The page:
Monthly Archives: November 2013

The Mobile Enterprise: Part I – Composite Mobile Apps

Five years ago the enterprise was a much simpler place.  Web applications only had to support one front-end (IE), UI design was straightforward (if not the most elegant), and users were blissfully unaware of of the limitations web applications placed on their “user experience”.

How time flies…

Now, thanks to Steve Jobs and Apple (with some competitive nudges from Google and Microsoft), the enterprise exists in a much different world.  Instead of one front-end, enterprise applications have to support dozens, if not hundreds of platform permutations; users are in open revolt because they see alternatives to the status quo; executives are sorting through the hype trying to figure out where Cloud fits in; and just as web investments start paying off along comes the push into mobile.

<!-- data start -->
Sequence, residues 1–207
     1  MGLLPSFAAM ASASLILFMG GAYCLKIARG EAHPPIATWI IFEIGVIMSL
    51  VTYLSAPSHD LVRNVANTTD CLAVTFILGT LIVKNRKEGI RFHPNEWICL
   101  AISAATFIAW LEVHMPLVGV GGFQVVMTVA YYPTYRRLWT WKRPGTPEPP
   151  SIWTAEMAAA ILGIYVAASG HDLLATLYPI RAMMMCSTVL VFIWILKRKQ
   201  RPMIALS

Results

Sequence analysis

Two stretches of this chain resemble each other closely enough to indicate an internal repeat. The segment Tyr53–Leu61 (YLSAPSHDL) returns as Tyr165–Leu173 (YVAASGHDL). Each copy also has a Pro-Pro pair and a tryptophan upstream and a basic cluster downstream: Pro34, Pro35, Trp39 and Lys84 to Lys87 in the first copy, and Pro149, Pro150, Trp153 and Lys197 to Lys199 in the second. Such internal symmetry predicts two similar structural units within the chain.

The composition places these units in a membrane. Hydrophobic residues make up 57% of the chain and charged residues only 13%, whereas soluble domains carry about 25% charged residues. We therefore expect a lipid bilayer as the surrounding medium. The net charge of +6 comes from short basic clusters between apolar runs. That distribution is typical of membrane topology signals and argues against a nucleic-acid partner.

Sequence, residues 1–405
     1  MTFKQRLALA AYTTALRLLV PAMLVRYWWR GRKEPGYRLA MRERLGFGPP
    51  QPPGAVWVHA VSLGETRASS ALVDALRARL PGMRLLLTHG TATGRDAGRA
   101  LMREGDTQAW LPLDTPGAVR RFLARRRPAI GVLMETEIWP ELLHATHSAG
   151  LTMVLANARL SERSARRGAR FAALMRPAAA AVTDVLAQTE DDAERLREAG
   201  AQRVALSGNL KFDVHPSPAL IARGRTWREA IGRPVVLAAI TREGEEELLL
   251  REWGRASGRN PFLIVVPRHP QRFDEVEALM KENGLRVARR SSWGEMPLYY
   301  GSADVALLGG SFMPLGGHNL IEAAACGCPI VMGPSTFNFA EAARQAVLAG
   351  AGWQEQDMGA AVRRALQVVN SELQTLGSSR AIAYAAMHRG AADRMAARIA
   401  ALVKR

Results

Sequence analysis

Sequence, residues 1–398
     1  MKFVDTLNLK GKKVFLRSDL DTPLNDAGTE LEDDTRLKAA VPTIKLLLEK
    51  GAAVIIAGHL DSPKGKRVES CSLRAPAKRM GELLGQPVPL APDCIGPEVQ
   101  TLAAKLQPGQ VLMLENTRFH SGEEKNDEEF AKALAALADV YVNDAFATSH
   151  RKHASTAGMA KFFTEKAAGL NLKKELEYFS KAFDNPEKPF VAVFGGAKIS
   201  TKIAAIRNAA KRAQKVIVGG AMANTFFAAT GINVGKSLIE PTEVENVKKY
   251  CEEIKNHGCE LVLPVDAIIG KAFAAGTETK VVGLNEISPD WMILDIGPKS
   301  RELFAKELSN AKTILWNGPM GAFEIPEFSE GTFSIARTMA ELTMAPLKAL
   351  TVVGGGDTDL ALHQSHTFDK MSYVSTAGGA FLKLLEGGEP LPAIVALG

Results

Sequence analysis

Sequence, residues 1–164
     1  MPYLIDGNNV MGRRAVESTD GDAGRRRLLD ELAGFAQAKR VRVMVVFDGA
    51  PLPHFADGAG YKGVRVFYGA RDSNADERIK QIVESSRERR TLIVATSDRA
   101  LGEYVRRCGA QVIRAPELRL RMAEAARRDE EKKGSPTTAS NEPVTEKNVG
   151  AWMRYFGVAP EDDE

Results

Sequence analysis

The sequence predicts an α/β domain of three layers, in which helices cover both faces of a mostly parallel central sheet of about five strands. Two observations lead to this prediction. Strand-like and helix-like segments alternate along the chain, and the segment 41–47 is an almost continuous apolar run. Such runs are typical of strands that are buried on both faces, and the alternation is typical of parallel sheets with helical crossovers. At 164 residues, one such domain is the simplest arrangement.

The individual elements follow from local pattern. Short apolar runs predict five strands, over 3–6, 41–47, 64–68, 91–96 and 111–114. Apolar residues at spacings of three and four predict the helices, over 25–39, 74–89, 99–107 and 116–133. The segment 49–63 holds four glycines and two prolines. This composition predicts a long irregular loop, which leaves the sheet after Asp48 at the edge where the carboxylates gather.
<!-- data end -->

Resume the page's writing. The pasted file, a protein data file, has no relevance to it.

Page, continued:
So why (except for pointing out the obvious flaws in 5-year I.T. roadmaps) is this important?

Over half of Americans own a smartphone, another 35% own a tablet; and 35% of these use an app before they even get out of bed in the morning.  It’s not just that people are mobile, it’s that they are connected… all the time.

Welcome to the world of Connected Mobility.  And in this world, a Mobile Enterprise isn’t an option.

But how does a company get to a Mobile Enterprise while leveraging their investments in the web and without massive new I.T. expenditures?

The answer is Composite Mobile Apps.

Composite Mobile Apps – What Are They?